In the meditation I lead at the beginning of my yoga classes, I often teach the Hamsa mantra, an ancient practice that dates back at least a couple of thousand years. It’s said that Buddha practiced the Hamsa mantra so I tell students that we’re joining a long tradition of meditators when we do the chant. Hamsa is a Sanskrit term that means “I am that,” or “I am all that is.” Essentially, it means that we are all interconnected at a deeper level. In fact, the word ‘yoga’ in Sanskrit means union—union of all beings.
That oneness or interconnection of all things might sometimes be hard to grasp when our experiences in the everyday world seem to show just the opposite—that a lot of things appear disconnected.
Yet, this philosophy has been around a long time. One of the precepts of shamanism, which goes back tens of thousands of years and has been handed down by primitive cultures throughout the world, is that consciousness exists in all things, including rocks and trees, and everything is interconnected in a web of life. That’s similar to Indra’s Net in Hindu mythology. It’s said that one tug on the god Indra’s net ripples throughout the Universe, everything being interconnected. In the Western World, 2,000 years ago, the Roman emperor Marcus Aurelius wrote: “Everything is connected and the web is holy.”
So that’s an underlying principle of humanity, but how does it hold up in the world of science? Interestingly, that’s the subject of an article here in Scientific American entitled, “What Would Happen if Everyone Truly Believed that Everything is One.” The sub-title goes on to say: “Research suggests a belief in oneness has broad implications for psychological functioning and compassion for those outside of our immediate circle.”
The article cites a couple of studies on the subject of oneness conducted by Kate Diebels and Mark Leary. In their first study, they set out to find how many of us actually believe in the “oneness of all things.” They found that only 20.3% of participants had thought about the oneness of all things “often” or “many times,” while 25.9% of people “seldom” thought about the oneness of all things, and 12.5% of people “never” had thought about it.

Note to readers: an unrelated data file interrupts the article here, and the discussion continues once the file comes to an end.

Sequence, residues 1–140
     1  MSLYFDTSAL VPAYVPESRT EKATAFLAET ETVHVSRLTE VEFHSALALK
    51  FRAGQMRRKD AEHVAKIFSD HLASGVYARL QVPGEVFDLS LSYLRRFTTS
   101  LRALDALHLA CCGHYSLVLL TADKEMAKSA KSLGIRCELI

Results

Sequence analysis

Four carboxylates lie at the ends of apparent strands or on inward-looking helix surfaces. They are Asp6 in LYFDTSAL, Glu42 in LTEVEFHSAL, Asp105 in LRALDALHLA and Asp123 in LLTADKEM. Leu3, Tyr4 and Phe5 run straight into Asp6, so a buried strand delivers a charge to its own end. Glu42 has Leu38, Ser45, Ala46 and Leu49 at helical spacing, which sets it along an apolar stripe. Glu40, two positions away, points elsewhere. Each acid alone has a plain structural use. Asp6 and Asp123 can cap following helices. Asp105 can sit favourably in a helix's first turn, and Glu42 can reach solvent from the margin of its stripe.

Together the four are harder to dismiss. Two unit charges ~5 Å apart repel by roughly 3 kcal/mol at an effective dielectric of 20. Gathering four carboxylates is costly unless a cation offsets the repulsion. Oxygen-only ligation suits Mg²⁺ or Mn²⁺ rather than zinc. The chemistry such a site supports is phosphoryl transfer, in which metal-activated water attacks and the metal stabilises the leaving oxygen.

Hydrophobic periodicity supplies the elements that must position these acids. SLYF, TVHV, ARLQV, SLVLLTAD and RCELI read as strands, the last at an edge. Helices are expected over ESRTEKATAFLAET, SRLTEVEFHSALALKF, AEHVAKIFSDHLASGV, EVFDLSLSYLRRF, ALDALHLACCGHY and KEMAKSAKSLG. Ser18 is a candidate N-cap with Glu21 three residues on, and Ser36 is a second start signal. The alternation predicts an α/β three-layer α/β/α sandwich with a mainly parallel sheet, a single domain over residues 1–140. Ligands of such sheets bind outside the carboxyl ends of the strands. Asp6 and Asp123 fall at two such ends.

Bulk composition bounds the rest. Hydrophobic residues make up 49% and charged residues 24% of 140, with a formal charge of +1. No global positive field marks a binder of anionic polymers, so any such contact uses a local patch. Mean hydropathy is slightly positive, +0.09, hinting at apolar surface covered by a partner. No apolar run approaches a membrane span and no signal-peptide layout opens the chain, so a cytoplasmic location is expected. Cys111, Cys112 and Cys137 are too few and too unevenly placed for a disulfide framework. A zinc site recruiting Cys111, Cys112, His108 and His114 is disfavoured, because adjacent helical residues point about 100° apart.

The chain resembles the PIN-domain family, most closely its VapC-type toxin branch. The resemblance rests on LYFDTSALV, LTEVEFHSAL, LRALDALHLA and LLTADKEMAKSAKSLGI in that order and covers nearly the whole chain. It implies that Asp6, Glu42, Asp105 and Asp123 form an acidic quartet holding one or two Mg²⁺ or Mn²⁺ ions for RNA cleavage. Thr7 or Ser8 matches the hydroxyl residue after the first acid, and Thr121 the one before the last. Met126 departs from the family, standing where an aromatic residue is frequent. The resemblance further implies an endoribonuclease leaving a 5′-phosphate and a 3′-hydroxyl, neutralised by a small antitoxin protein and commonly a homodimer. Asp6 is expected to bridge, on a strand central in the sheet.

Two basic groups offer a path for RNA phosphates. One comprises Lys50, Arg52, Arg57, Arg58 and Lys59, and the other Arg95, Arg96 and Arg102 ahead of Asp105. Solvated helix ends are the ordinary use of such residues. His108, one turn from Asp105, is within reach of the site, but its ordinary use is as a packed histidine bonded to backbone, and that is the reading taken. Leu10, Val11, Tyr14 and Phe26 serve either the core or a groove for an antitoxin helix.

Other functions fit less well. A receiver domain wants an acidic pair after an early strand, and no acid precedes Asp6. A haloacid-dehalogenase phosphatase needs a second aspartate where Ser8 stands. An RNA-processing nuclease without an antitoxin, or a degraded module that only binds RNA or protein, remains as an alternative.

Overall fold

The researchers also created a 6-item “Belief in Oneness Scale” consisting of the following items:
- Beyond surface appearances, everything is fundamentally one.
- Although many seemingly separate things exist, they all are part of the same whole.
- At the most basic level of reality, everything is one.
- The separation among individual things is an illusion; in reality everything is one.
- Everything is composed of the same basic substance, whether one thinks of it as spirit, consciousness, quantum processes, or whatever.
- The same basic essence permeates everything that exists.
In their second study, the researchers looked at values and self-views that might be related to the belief in oneness. They found that a belief in oneness was related to values indicating a universal concern for the welfare of other people, as well as greater compassion for other people. A belief in oneness was also associated with feeling connected to others through a recognition of our common humanity, common problems, and common imperfections.
The author of the article notes the wide division in political beliefs that exist and concludes: “It might be beneficial for people all across the political spectrum to recognize and hold in mind a belief in oneness even as they are asserting their values and political belief. Only having “compassion” for those who are in your in-group, and vilifying or even becoming violent toward those who you perceive as the out-group, is not only antithetical to world peace more broadly, but is also counter-productive to political progress that advances the greater good of all humans on this planet.”